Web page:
I can’t hear the title of this film without thinking about the football player (at time of this writing, a wide receiver for Tampa Bay). Of course the movie has nothing to do with the sport of kings, but a movie titled Ozzie Smith or James Worthy would also distract me from the point at hand. This film is, rather, about corporate scandal and the legal system. I think that’s what it’s about on the surface at least. Ultimately it, like so many other decent movies, is a character study about a flawed individual who must weave his way through trials and tribulations and come out the other side a different human being. In this case our protagonist is one Michael Clayton (duh), played admirably by George Clooney. Clayton is an attorney, but does not actually go through any actual law trials per se. He is, instead, the “fixer” at a very powerful law firm.
What is a fixer, you may ask? He’s the guy that does clean up before and during a trial. He’s the guy who knows guys who can pretty much get anything on or for someone. He’s really a glorified errand boy with a knack for understanding situations. And Clayton is that guy.
In this case his assignment is to go wrangle one of his law firm’s top lawyers who has just gone completely insane (complete with nudity and ranting) in the middle of a deposition on a huge class action suit against their client, a big agricultural company, U-North. The suit has been going on for some time, and is in its waning days, and this lawyer’s freak out could cost the firm the case. The problem here is that the lawyer, while off his bipolar meds, has had a crisis of conscious and feels that by defending this massive company against poor, sick farmers he is killing his soul. Plus the fact he feels he’s uncovered the smoking gun against the company, and has been secretly working against the firm with the plaintiffs–unbeknownst to everyone in the firm. It’s Clooney’s job to pick him up, talk him down, make him take his meds and make him once again presentable (and explain away his rants against the company, the public nudity and everything else).
It’s clear Clooney provides a vital role to the firm, but that they take advantage of him, and he (for reasons we don’t understand at first) goes along with everything regardless of how trivial the task seems. We soon find out this is a broken man with some serious issues. He’s divorced and behind in his support pay, a recovering gambler and drunk and in deep with a loan shark who is lookin’ for the money his brother leveraged for a failed partnership in a restaurant. So while his job is to be smooth, organized and in control, his personal life is an utter and complete mess. And now even his job is falling apart. The lawyer he is sent to wrangle escapes from the hotel where he has him stashed and has gone rogue. The firm freaks out. The client freaks out. Tilda Swinton, U-North’s general counsel, gets shaky and sweaty and panicky because she realizes the rogue attorney has an incriminating document that he can use against U-North–and she has no idea what he plans on doing with it. So she gets some guys to take care of the situation. The document eventually makes its way to Clayton, who then realizes that everything his friend, the rogue lawyer, told him was true, and that their client is covering up a huge problem. And, with that, he becomes the target of U-North and Swinton’s scorn.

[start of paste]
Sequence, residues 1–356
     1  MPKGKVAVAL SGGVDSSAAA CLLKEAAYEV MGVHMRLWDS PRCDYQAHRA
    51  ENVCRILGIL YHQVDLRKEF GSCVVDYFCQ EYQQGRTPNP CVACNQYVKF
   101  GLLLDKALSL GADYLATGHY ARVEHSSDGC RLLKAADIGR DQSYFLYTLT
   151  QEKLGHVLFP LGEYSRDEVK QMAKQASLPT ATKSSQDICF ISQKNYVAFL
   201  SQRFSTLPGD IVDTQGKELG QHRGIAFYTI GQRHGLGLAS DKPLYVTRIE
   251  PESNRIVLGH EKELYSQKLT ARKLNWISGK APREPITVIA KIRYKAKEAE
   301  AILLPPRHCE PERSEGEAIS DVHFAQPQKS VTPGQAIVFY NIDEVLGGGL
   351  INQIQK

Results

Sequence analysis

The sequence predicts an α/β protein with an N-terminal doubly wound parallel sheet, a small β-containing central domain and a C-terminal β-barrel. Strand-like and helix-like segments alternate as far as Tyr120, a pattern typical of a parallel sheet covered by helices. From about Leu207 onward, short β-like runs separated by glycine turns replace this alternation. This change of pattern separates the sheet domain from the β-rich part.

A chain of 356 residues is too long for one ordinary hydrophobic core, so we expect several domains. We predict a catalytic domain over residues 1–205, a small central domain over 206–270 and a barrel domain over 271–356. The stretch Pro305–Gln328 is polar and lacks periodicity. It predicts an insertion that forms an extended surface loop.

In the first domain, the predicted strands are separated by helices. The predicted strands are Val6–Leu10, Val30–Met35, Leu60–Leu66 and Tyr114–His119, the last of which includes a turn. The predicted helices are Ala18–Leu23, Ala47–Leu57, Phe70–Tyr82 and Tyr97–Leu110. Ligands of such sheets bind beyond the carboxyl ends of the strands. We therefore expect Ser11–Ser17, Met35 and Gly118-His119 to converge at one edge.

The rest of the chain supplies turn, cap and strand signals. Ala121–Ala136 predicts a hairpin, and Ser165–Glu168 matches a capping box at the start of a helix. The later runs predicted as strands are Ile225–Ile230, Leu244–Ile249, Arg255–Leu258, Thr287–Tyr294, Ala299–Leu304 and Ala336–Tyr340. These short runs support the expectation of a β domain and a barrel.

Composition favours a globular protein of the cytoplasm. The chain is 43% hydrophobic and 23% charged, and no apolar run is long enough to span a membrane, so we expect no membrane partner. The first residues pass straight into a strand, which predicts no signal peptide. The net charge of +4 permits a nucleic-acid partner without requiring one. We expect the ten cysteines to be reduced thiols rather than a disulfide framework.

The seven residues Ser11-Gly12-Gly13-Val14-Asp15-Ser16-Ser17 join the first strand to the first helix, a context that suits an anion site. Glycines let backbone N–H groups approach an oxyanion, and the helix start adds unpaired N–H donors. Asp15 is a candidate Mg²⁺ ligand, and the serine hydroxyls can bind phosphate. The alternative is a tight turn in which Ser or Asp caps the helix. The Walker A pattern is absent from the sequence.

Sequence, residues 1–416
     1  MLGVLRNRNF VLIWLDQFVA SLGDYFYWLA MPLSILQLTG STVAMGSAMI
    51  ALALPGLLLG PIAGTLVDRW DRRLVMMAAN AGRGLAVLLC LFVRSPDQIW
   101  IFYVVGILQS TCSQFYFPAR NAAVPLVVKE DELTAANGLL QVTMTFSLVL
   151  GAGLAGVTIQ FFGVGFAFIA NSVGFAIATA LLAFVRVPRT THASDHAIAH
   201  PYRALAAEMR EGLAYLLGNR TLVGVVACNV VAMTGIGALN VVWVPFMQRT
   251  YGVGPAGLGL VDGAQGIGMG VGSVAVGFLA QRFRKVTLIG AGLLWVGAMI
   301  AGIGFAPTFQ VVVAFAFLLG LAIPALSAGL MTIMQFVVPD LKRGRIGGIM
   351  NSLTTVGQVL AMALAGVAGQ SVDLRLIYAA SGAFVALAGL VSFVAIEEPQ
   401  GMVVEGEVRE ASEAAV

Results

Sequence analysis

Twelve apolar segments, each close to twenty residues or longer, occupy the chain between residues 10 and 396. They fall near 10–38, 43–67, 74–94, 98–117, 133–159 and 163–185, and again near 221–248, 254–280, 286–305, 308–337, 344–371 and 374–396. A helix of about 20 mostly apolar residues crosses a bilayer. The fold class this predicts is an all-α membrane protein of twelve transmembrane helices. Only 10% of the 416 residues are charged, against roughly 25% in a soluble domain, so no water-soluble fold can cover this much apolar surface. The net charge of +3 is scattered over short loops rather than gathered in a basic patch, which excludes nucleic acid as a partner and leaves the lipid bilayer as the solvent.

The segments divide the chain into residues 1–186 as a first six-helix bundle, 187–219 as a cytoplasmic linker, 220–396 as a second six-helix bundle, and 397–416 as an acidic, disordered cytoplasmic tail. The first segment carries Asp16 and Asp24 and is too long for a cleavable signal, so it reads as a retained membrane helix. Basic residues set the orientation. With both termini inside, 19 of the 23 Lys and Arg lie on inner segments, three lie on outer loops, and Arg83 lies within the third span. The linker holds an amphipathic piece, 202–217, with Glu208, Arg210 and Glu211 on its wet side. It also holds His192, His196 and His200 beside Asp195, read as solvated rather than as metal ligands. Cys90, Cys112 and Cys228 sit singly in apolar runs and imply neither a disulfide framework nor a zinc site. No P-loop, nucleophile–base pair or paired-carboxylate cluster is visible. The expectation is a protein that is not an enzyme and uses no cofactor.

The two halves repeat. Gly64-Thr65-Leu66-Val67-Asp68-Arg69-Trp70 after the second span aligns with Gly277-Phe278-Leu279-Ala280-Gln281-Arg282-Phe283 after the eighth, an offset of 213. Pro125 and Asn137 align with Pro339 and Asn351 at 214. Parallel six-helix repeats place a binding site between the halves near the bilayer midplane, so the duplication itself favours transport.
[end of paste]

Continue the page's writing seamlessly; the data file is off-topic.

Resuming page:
The nice part about the film is the little subtle things that make it not your typical corporate espionage or John Grisham-type movie. For instance, there is a fantasy book that Clayton’s son reads, which he urges everyone he talks to to read, even giving a copy to his father at one point. He happens to talk to the rogue lawyer on the phone (he and his father are actually friends), and tells him about the book as well. When Clayton roams through the lawyer’s apartment at one point, he finds the book (which he recognizes), and in flipping through it quickly skips past a page that has a woodcut of three horses standing on a hill near a tree. It’s a quick flash, but it’s there. And we remember the quick shot at the beginning of the film of Clayton standing on a hill with three horses. That scene doesn’t reveal itself until the end of the film, but using the circular narrative style really makes an impact and ties together Clayton’s love for his son, his son’s philosophy based on his love of the book and what eventually becomes Clayton’s moment of clarity and subsequent escape from his situation. I know the cool scene with the horses smacks of artsy film drivel, but I think it’s something that makes the film extraordinary and different in its approach.
This is a damn good movie for a first time director, although he did write the screenplays for the Bourne trilogy (as well as this movie). It does help to have some of the best actors around in your film, of course. Add a little humor here and there, mix up the typical twist a little bit and make the thing timely and you have a hit on your hands–if not commercially, at least critically.